As gasoline prices in Canada close in on record highs, there’s little relief in sight for drivers from coast to coast.
With oil prices climbing, analysts predict high prices at the pumps through spring and into the busy summer driving season.
“My outlook is we’re going to see prices remain for the summer, more or less, at the levels we see them right now,” said long-time gasoline market-watcher Michael Ervin at Kent Group Ltd.
The average price of regular gasoline in the country, from Kent Group’s latest survey, is $1.38 a litre. Prices have rarely been this high. In 2008, when the price of oil spiked and nearly reached US$150 a barrel, gasoline was $1.38 for a stretch of about a month in early summer. A record average Canadian gas price of $1.40 a litre was set that July. Then, in 2014, with oil around US$100 a barrel, there was a similar stretch in early summer, with a new record of $1.41 in late June.
When gasoline previously crested at $1.40 a litre, the oil prices thereafter fell. In 2008, it was the global financial crisis and recession, and in 2014, demand fell as supplies remained ample. This time, however, the price of oil is not predicted to fall back significantly any time soon.
Rising gas prices are already starting to bite the wallets of Canadians, who previously enjoyed several years of low gasoline prices. Canada’s most recent inflation data, from March, showed a 2.3 per cent increase. It was the largest rise in inflation since October, 2014, according to Statistics Canada, and roughly a quarter of the increase was because of more expensive gasoline.
Dan McTeague, an analyst at GasBuddy, said he foresees similar results when Statistics Canada issues April inflation numbers on Friday.
Gas at $1.38 a litre is up from a Canadian average of about $1.10 a year ago – more than 20 per cent higher. In dollars-and-cents terms, the 28 additional cents per litre adds up over time, noted Mr. McTeague. For a typical driver who pumps 50 litres a week into his or her vehicle, it’s $14 more per fill. If the situation stretched over the course of a year, the extra cost is more than $700, a sizable bill for most Canadians.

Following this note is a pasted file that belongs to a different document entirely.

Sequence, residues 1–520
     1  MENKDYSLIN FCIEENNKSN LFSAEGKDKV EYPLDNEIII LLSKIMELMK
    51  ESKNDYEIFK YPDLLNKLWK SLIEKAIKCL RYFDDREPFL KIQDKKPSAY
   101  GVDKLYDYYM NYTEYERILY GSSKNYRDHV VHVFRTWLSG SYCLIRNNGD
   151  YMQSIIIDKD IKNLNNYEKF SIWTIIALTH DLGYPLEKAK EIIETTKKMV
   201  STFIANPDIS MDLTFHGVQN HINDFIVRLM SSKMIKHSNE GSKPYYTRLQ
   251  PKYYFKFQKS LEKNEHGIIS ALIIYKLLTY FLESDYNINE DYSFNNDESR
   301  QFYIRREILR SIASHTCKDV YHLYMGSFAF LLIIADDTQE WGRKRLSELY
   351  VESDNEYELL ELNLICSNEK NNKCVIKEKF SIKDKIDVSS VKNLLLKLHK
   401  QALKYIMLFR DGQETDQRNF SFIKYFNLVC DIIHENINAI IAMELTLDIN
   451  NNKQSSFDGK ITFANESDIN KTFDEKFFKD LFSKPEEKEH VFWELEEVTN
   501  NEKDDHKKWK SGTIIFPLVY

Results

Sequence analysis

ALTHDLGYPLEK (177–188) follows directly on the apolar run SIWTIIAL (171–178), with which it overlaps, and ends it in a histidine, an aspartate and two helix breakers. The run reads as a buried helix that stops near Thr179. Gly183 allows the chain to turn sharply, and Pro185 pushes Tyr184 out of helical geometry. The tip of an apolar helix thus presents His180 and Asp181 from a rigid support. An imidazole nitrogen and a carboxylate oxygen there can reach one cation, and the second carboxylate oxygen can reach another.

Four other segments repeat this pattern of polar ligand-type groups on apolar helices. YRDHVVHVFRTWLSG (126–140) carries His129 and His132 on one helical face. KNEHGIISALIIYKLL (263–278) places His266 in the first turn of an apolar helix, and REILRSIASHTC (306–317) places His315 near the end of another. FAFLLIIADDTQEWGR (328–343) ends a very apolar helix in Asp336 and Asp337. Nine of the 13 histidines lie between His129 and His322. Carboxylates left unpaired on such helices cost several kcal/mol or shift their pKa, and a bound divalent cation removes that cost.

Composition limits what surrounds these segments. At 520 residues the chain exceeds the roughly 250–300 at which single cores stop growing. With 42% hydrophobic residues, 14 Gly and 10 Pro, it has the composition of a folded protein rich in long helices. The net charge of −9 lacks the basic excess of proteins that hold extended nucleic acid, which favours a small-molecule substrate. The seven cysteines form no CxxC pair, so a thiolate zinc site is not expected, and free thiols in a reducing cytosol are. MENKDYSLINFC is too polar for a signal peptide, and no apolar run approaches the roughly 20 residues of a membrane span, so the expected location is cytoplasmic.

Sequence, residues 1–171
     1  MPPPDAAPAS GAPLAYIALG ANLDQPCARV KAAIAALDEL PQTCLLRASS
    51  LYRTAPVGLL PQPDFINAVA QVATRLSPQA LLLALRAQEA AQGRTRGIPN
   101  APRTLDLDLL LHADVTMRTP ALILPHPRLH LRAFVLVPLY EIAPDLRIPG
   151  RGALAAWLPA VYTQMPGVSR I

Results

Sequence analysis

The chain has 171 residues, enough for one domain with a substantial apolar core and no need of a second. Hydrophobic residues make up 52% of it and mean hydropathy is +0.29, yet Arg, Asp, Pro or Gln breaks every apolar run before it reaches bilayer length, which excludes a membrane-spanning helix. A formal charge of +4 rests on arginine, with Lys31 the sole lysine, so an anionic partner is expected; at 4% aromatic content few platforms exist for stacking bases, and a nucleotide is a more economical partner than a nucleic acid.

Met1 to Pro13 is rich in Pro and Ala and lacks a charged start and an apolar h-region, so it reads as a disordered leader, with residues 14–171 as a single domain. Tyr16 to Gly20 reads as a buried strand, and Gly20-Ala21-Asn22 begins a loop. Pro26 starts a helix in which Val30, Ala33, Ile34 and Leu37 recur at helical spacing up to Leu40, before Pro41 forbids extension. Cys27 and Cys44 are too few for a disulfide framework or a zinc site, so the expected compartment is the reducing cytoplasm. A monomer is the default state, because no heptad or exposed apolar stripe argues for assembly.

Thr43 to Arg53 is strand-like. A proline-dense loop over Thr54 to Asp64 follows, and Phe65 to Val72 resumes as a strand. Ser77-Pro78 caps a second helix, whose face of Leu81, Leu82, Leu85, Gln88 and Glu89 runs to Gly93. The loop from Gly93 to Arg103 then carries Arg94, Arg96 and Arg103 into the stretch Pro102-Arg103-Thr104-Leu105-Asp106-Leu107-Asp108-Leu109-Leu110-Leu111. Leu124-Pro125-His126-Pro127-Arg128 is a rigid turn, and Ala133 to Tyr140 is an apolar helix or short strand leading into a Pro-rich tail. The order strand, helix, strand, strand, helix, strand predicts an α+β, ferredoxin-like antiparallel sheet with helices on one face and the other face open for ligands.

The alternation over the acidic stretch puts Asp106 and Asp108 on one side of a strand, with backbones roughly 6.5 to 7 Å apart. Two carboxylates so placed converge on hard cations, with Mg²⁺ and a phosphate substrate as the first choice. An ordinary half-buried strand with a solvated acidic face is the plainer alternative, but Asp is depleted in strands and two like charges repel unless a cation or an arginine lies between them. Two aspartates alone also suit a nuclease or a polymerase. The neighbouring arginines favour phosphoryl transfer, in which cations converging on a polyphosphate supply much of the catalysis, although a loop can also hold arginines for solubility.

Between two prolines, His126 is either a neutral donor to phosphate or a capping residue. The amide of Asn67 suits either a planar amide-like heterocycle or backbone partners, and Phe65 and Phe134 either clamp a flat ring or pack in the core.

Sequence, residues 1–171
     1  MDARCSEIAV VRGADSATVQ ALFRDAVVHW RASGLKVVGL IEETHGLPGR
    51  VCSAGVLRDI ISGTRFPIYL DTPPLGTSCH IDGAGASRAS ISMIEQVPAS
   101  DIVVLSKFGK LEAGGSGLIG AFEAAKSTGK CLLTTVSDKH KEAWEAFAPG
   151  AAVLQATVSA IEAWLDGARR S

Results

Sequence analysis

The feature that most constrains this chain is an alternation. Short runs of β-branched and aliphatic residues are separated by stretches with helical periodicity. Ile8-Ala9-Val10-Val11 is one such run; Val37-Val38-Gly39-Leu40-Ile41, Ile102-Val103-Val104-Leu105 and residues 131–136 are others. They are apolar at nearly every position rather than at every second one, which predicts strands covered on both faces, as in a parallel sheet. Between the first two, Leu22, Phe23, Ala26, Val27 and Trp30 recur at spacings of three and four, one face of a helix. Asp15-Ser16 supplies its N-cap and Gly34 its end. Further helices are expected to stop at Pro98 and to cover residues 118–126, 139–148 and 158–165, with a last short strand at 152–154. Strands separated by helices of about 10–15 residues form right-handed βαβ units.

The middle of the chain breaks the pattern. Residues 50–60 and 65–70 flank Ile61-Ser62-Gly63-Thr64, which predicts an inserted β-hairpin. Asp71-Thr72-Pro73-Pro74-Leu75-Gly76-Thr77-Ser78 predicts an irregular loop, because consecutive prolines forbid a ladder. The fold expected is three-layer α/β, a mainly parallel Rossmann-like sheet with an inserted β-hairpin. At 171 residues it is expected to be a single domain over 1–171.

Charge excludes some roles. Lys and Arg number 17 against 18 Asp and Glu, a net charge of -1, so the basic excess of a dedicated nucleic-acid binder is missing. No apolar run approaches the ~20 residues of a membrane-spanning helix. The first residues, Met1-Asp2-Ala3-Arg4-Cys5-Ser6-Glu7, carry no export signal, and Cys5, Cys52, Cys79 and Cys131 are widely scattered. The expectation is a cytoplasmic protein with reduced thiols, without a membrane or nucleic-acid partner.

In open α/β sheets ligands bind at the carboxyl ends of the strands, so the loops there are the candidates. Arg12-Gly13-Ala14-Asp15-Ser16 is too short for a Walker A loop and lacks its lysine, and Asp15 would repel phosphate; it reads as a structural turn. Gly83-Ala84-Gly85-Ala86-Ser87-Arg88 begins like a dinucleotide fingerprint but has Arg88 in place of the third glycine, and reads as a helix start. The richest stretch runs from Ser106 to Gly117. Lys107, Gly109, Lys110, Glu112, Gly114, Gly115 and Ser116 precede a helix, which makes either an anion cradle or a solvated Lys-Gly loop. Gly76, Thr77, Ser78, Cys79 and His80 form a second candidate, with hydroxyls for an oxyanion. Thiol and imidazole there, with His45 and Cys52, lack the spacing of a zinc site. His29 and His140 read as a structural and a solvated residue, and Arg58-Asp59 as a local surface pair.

“There was a lull in prices where people were accustomed to paying less,” said Mr. McTeague. “Expect these current prices to remain in place. The wide concern is how high, and how long. It’s having a sobering impact on people’s plans. It could be an interesting summer in terms of tourism.”
The benchmark price of oil last week cracked US$70 a barrel, for the first time since late 2014. Analysts such as Martin King at GMP FirstEnergy predict the average oil price in the high US$60 range through 2019. Bullish oil investors such as Eric Nuttall of Ninepoint Partners believe the commodity will climb towards US$80 a barrel next year, underpinned by strong global demand and relatively tight supply.
On a broader economic basis, rising gasoline prices can slightly dampen consumer confidence, and serve as a mild break on consumer spending, said BMO chief economist Douglas Porter.
The economy is more resilient to energy prices than in decades past. In 2014, for instance, the Canadian economy grew about 3 per cent, even as gas prices hit record highs.
“It would take a tremendous increase in oil prices from here to seriously damage the economy,” said Mr. Porter.
While gas prices this year have spiked higher, and stayed high, the experience is only a fraction of the case in 2014. That year, the average national price pushed above $1.30 a litre in late February and stayed above that mark for 30 weeks through mid-September. Gasoline this year has been above $1.30 for six weeks so far, from around the start of April.
As the national average stands near the 2014 record of $1.41 a litre, drivers in Vancouver have grappled with sky-high prices since early March, when gasoline crested $1.50 and reached $1.61 at the start of May. Gasoline supplies in the region have been tight because of maintenance of refineries in the area and in Washington State. Gas in Vancouver is still at $1.60 a litre, compared with $1.29 in Calgary, $1.36 in Toronto, $1.42 in Montreal and $1.29 in Halifax.
Mr. Ervin, the Kent Group analyst, said what irks drivers the most is swings in prices.
“We see more dissatisfaction when prices are volatile than when prices are stable, even if those prices are high,” said Mr. Ervin.